Maurice Duruflé was a student of both
Vierne and Tournemire, and was hailed in his lifetime as not only
one of the greatest of French organists, but for his gifts as
a composer. Meticulous and highly self-critical, he left behind
only a small parcel of completed works. He is perhaps best known
for his Requiem mass, which although modeled after the equally
famous Requiem by his older countryman Gabriel Fauré, is
a strikingly original and magnificent work in its own right. Although
she had no real reputation as a composer, Duruflé’s wife,
Marie-Madeleine shared her husband’s fame as an organ virtuoso,
and to these ears, was the more fiery and adventuresome player
of the two. Lovers of organ music are fortunate then, to have
these recordings, perhaps some of the most authoritative available
of this repertoire, restored to the catalogue.
The two instruments heard here, both by the renowned
Aristide Cavaillé-Coll, are used to their fullest splendor
by these two masters of the instrument. I was particularly taken
by the striking colors of the celeste and reed stops, especially
when used with tremulant and played in chorus. The sound literally
jumps from the speakers and is a sheer delight to the ears.
There is nothing to criticize in the playing
by these two, and indeed it would be a bit pretentious on my part
to quibble at all with the execution of these works, known to
the artists most likely since their creation. The playing is flawless.
There are some real standouts, however, and they belong to Madame
Duruflé, and not to her more famous husband. Specifically,
I speak of the stunning renditions of Tournemire’s two improvisatory
works on chant themes. (Victimae paschali and Ave Maris
Stella.) Were it not for the phenomenal ears of Maurice, these
works would not have even come down to us. Tournemire never wrote
them down. But to our eternal benefit, they were recorded in performance,
and Mme Duruflé transcribed them via dictation from the
recordings. The performances of these works are nothing short
of astounding. Played with supreme authority and command, they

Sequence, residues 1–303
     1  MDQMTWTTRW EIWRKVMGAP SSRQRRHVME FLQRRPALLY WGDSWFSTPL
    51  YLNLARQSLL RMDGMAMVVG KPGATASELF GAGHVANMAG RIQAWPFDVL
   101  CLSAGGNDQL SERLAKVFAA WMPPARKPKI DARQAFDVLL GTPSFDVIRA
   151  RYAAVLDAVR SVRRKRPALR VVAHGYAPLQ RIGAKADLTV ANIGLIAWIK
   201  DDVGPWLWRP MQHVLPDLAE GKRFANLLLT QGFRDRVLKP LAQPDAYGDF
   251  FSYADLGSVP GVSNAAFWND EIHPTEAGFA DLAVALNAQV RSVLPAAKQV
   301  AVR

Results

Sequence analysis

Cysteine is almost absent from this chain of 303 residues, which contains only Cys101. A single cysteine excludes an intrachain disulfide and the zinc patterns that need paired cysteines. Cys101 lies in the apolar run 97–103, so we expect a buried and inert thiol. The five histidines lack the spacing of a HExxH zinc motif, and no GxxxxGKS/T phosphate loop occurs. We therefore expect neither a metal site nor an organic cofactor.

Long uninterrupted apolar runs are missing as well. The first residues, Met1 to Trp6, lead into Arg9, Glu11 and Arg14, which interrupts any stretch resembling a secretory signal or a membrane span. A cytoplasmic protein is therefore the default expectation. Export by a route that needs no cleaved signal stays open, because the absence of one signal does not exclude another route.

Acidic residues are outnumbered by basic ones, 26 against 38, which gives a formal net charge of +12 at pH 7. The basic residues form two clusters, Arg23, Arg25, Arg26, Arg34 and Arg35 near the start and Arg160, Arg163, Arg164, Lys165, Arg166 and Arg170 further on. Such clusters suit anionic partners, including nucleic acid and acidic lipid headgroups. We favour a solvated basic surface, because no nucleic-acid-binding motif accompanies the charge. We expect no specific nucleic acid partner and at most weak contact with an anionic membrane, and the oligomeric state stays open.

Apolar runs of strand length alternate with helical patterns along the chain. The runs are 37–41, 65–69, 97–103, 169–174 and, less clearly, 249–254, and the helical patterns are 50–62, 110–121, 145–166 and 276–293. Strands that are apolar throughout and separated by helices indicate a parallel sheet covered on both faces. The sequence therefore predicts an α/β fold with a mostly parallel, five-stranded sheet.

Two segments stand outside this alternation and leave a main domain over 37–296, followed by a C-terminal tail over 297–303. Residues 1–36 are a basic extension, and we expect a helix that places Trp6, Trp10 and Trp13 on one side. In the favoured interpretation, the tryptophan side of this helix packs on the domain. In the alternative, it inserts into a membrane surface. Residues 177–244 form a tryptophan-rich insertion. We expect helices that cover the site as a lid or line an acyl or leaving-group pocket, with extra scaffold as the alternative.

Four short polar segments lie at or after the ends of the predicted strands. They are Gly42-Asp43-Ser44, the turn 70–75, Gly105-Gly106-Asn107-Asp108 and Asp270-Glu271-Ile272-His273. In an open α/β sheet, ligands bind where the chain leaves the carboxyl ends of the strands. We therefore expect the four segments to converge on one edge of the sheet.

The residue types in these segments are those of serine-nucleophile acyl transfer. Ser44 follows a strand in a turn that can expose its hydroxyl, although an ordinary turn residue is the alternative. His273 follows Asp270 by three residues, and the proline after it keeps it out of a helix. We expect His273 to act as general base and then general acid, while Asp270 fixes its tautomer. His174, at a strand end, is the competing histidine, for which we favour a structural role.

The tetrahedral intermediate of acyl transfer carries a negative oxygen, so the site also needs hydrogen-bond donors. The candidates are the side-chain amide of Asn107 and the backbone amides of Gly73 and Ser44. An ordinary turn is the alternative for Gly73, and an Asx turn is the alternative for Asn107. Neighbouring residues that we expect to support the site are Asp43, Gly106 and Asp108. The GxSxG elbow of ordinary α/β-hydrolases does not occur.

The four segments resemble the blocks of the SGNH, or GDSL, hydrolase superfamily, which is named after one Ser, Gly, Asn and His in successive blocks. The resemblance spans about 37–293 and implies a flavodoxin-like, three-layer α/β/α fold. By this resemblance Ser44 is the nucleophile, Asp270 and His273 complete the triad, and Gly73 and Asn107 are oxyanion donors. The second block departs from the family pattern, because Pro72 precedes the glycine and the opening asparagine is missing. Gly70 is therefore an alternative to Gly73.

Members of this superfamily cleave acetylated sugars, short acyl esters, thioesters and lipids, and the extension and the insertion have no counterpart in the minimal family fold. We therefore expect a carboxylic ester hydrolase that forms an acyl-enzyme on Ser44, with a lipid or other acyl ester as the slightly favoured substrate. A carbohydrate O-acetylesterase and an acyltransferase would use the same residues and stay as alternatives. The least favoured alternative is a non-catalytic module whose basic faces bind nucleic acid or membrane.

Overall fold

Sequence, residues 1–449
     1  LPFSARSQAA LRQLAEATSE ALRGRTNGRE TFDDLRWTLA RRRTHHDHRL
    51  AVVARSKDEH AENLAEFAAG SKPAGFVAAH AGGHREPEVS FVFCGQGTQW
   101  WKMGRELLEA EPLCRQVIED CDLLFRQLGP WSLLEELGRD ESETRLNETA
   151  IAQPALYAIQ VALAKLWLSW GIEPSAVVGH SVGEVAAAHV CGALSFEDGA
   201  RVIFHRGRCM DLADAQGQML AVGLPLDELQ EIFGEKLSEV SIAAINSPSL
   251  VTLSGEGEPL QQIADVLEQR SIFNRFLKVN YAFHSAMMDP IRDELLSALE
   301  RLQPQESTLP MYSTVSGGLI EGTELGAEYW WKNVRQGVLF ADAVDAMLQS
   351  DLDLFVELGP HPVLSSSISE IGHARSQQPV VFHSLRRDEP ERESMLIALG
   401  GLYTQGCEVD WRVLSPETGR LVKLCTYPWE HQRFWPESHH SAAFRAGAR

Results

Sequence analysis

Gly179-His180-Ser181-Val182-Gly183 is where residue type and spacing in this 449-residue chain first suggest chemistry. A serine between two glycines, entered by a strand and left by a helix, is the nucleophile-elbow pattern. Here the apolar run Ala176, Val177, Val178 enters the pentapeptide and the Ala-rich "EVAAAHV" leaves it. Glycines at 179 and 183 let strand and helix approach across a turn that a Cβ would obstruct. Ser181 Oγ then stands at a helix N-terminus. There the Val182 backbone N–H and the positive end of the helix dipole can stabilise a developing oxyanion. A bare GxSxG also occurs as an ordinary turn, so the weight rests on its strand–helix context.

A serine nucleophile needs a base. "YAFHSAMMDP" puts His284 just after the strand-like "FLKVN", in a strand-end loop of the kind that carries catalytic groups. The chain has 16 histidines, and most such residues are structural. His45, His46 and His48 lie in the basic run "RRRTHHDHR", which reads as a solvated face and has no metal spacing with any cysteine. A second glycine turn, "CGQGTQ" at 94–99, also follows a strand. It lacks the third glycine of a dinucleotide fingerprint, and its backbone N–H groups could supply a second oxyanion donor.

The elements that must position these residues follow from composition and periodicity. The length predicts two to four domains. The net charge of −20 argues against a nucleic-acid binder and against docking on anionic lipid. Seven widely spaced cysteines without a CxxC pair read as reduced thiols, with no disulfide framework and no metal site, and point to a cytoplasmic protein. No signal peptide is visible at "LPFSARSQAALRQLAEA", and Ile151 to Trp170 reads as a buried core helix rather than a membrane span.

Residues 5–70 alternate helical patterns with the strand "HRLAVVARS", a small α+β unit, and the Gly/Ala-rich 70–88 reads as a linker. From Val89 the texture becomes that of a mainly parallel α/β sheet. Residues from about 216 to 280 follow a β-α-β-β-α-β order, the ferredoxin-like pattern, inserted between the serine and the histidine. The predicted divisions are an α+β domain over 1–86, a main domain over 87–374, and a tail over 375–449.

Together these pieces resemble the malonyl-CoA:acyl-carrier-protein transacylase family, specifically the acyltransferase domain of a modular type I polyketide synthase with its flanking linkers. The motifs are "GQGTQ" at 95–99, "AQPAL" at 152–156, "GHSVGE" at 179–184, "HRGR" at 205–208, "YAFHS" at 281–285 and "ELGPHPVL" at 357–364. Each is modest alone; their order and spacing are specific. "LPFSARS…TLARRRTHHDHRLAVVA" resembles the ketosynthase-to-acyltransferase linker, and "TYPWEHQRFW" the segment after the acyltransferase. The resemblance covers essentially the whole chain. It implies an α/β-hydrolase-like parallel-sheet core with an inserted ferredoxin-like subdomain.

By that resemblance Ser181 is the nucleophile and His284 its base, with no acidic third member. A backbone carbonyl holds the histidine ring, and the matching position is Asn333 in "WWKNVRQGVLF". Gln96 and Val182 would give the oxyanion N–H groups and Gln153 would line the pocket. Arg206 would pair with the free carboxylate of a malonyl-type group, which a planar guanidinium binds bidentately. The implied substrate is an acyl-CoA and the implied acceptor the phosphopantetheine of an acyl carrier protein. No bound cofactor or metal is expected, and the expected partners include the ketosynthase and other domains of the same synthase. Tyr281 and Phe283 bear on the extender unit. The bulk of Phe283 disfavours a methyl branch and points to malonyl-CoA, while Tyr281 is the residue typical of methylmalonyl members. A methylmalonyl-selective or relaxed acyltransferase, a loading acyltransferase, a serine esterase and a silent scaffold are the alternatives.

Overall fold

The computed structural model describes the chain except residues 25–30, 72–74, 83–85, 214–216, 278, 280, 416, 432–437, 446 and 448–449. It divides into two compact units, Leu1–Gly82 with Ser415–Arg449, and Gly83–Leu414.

are overwhelming to listen to, nothing short of one thrill per
measure of music.
While Maurice was certainly one of the great
organists of his generation, he comes across in these recordings
as a good deal more conservative, both in his choice of registrations
and in the sheer force with which he plays than does his more
adventuresome spouse. I do not think this a criticism, rather
a very interesting contrast between the two organists, which reflects
their reportedly very different personalities.
Grateful as we must be for this reissue, there
is a great deal to criticize about Erato’s utterly sloppy packaging.
The program notes are so disjunctive and convoluted as to be nearly
worthless. There is no real commentary about the works themselves,
and all we really do get is a very confusing essay about the organists
and their relationships to the composer and to each other. There
is precious little information about either of these spectacular
instruments either. The lack of a stop list, and a more erudite
set of notes is inexcusable both for a company of Erato’s standing
and for a recording of this much historical significance.
Sound quality, although a little rife with background
hiss and noise from the organ blower at times, is fairly good
for a recording that is now forty years old. Despite the rather
poor production values, this is an essential for lovers of organ
music, but for the quality of the performances and for the sake
of historical documentation of two great artists. Recommended.